Who is a Veterinary Cardiologist?
A veterinary cardiologist is a board-certified specialist in the diagnosis and management of conditions of the heart and circulatory system. A cardiologist undergoes extensive training to acquire the specialized skills to diagnose and treat cardiovascular diseases. This involves completing veterinary school to become a veterinarian (4 years), an internship program (minimum of 1 year), and an approved cardiology residency training program (3-5 years). After this training, the veterinarian must then complete and pass multi-day written and practical examinations to become a board-certified veterinary cardiologist. Our cardiologist, Dr. Christopher Whipp, is board-certified with the American College of Veterinary Internal Medicine (ACVIM) in Cardiology.
Our Cardiology Specialists
When Should Your Pet See Our Cardiologist?
Dr. Whipp is willing to see your pet anytime they have a cardiac or cardiovascular concern. We accept referrals from primary care veterinarians as well as self-referrals directly from owners. Some of the more common changes that warrant concern are:
- Coughing and difficulty breathing
- Exercise intolerance (slowing down or getting more tired on walks or when playing)
- Weakness or collapse
- Bloating or swelling of the abdomen
What Are Some of the Common Conditions Our Cardiologist Treats?
- Congestive heart failure
- Diseases of the heart muscle (e.g., dilated cardiomyopathy and hypertrophic cardiomyopathy)
- Diseases of the heart valves (e.g., degenerative mitral valve disease)
- Congenital (present at birth) heart defects (e.g., patent ductus arteriosus, pulmonic valve stenosis, etc.)
- Congenital vascular diseases (e.g., portosystemic shunts)
- Cardiac arrythmias (heart rate or rhythm abnormalities)
- Diseases of the pericardium (e.g., pericardial effusion)
- Infectious cardiac diseases (e.g., heartworm)
- Cardiac tumors
- Hypertension (high blood pressure)
- Pulmonary hypertension (high blood pressure in the lungs)
- Tumor embolization in consultation with our medical oncology and surgical oncology teams
What Are Some of the Tests Our Cardiologist Uses for the Diagnosis and Monitoring of Cardiovascular Conditions?
- Electrocardiography (ECG) to provide a reading of the heart rhythm
- Electrocardiography, which is an ultrasound of the heart
- Blood pressure evaluation
- Radiographs (x-rays) of the heart and lungs
- Holter monitoring, which is a 24-hour ECG at home
- Contrast-enhanced CT scan for assessment of cardiovascular diseases, such as portosystemic shunts
What Are Some of the Common Surgical Procedures Our Cardiologist Performs?
- Interventional coiling of congenital cardiac defects (e.g., patent ductus arteriosus)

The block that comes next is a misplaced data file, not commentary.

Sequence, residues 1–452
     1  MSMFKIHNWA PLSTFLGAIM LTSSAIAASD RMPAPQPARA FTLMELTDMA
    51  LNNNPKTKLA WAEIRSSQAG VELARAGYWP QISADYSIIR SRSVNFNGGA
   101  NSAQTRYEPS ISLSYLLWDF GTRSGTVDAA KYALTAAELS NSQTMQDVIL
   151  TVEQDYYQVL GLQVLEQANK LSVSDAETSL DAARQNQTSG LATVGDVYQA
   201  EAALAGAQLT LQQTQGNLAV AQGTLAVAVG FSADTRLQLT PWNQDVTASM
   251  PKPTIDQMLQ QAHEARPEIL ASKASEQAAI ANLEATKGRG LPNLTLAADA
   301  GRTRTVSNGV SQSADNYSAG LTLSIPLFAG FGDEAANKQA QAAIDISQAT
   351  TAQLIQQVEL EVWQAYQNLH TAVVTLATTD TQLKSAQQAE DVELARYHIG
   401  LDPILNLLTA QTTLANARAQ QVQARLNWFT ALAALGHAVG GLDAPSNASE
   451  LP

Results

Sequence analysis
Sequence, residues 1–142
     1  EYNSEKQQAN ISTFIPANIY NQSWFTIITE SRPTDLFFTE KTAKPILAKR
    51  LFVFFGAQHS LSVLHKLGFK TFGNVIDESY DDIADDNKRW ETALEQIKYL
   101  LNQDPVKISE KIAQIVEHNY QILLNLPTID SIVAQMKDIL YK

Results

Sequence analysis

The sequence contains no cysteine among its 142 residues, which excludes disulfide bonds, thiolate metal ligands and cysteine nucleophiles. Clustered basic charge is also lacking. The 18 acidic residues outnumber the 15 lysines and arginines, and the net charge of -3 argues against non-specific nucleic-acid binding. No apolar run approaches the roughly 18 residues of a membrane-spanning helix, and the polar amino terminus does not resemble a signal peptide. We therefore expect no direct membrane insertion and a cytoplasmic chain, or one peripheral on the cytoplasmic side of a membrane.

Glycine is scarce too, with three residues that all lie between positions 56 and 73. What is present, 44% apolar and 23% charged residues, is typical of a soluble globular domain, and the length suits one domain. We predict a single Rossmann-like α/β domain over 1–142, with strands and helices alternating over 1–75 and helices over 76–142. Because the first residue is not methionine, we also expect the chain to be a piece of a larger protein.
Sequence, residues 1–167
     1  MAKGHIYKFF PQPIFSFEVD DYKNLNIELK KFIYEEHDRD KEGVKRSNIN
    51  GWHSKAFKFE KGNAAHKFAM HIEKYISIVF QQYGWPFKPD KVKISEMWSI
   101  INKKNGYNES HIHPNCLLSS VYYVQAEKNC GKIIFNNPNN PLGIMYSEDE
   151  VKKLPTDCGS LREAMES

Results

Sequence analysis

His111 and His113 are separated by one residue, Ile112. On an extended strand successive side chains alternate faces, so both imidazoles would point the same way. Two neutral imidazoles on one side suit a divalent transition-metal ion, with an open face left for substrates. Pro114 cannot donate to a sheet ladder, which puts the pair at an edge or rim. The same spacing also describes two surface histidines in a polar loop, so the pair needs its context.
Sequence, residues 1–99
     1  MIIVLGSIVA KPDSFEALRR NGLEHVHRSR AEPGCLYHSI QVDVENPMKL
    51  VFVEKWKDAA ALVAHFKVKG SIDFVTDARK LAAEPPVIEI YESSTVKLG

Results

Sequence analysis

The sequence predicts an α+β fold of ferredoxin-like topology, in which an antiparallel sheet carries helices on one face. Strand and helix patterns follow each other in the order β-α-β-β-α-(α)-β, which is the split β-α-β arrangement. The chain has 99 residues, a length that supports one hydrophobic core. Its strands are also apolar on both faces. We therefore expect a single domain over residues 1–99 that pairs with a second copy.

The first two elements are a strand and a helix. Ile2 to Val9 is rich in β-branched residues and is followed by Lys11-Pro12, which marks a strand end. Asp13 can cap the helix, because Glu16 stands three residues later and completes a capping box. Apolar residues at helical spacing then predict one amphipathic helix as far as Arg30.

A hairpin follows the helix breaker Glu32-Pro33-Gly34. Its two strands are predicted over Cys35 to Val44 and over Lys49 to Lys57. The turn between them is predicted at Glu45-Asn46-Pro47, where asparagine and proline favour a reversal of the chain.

- Interventional coiling of congenital vascular diseases (e.g., intrahepatic portosystemic shunts)
- Balloon valvoplasty to dilate narrowed heart valves
- Pacemaker implantation to control heart rate and rhythm abnormalities
- Pericardiocentesis for management of pericardial effusions
Dr. Whipp is passionate about cardiac surgery and aims to provide the highest level of care. We use our board-certified veterinary anesthesiologist, Dr. Matt Milloway, and his team for each of our surgical cases for the best and safest care possible.
What Should You Expect When Booking an Appointment with Our Cardiologist at Capital City Specialty & Emergency Animal Hospital?
If your primary care veterinarian is referring your pet, we will reach out to you as soon as possible to schedule your appointment. If you are doing a self-referral for your pet, please either call (613 244 7387) or email (at [email protected]) our team directly. One of our team members will schedule you into the next available appointment slot. Our regular schedule is Monday to Thursday from 8 a.m. until 5 p.m. Please call the hospital immediately if you require an urgent appointment.
On the day of your appointment, you and your pet will be checked in at reception and brought to the cardiology examination room. Dr. Whipp will discuss your pet’s history with you and do a comprehensive examination of your pet’s heart and vascular system. If indicated, he may suggest additional tests to further evaluate your pet’s condition. This will commonly include blood pressure measurements and an ECG but may include other tests depending on the condition being investigated.
After this examination, Dr. Whipp will thoroughly discuss the examination findings with you and will make a treatment plan that best suits your pet, their condition, and your involvement. The entire process will take approximately 60-75 minutes.
If medications are required, a treatment plan and medications will be sent home with you with detailed instructions. If surgery is also required or recommended, this will be reviewed with you thoroughly. Anesthesia will be provided and monitored by our board-certified anesthesiologist, Dr. Matt Milloway, and his team for the best and safest care possible.
A thorough report will be sent to both you and your primary care veterinarian, including Dr. Whipp’s examination findings, diagnosis, treatments, follow-up recommendations, and a review of the conditions/diseases. This will ensure that we are all included as a team to provide continuity of care for your pet.
Dr. Whipp eventually plans to offer OFA Heart Registry Certificate exams but this will be at a later date.
We strive to provide you and your pet with the highest level of care. We love what we do, we love our patients, and we treat them as if they were our own.